This year’s Audit is significant as it includes social infrastructure along with transport, energy, water and telecommunications.
The national and state peak housing and homelessness organisations have come together to make a joint submission in response to the latest Infrastructure Australia Audit.
The Audit, to help shape the future and the 2021 Australian Infrastructure Plan invited both feedback and submissions on the Audit. This year’s Audit is significant as it includes social infrastructure along with transport, energy, water and telecommunications.
Supporting the quality of life and wellbeing of our communities
Social Infrastructure is described as “facilities, spaces, services and networks that support the quality of life and wellbeing of our communities. It helps us to be happy, safe and healthy, to learn, and to enjoy life.” Social infrastructure includes social housing.
The four national representative organisations, all of which share a commitment to the provision of housing that is affordable to households on very low to moderate incomes, which Shelter WA joined are:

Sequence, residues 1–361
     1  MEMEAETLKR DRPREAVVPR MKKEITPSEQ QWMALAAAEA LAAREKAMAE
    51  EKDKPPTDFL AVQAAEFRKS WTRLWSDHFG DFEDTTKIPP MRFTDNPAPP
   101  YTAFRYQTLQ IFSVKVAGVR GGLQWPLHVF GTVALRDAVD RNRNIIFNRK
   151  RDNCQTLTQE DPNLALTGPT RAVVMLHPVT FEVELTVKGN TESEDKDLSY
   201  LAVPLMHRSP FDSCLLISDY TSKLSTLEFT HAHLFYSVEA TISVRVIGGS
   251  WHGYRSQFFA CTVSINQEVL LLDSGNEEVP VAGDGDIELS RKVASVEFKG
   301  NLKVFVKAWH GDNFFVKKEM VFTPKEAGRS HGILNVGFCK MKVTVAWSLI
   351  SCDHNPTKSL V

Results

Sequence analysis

- National Shelter
- The Community Housing Industry Association (CHIA).
- Homelessness Australia (HA).
- PowerHousing Australia
The submission is also supported by the state and territory-based organisations, Shelter NSW, Q Shelter and Shelter WA along with CHIA NSW, CHIA VIC, and Homelessness NSW.
Social and affordable housing improves national productivity
In the joint submission it was noted that the inclusion of social infrastructure is an important step to subsidised housing being understood as essential infrastructure on which both Australia’s social and economic wellbeing depends.
Australian and international evidence shows that the provision of social and affordable housing has a clear potential in materially improving national productivity by addressing problems that otherwise imposes economic, social and/or environmental costs or by realising economic, social and environmental benefits.
The submission makes a compelling case that housing has both social and financial benefits that exceed production costs, and it encourages Infrastructure Australia to recognise housing in the 2021 plan as productive infrastructure in the way transport and other recognised infrastructure components are.
The Priority List needs a review
Also, the submission argues the assessment framework which sets out the process Infrastructure Australia uses to consider initiatives and projects for inclusion on the Infrastructure Priority List needs to be reviewed and updated as it favours more traditional infrastructure.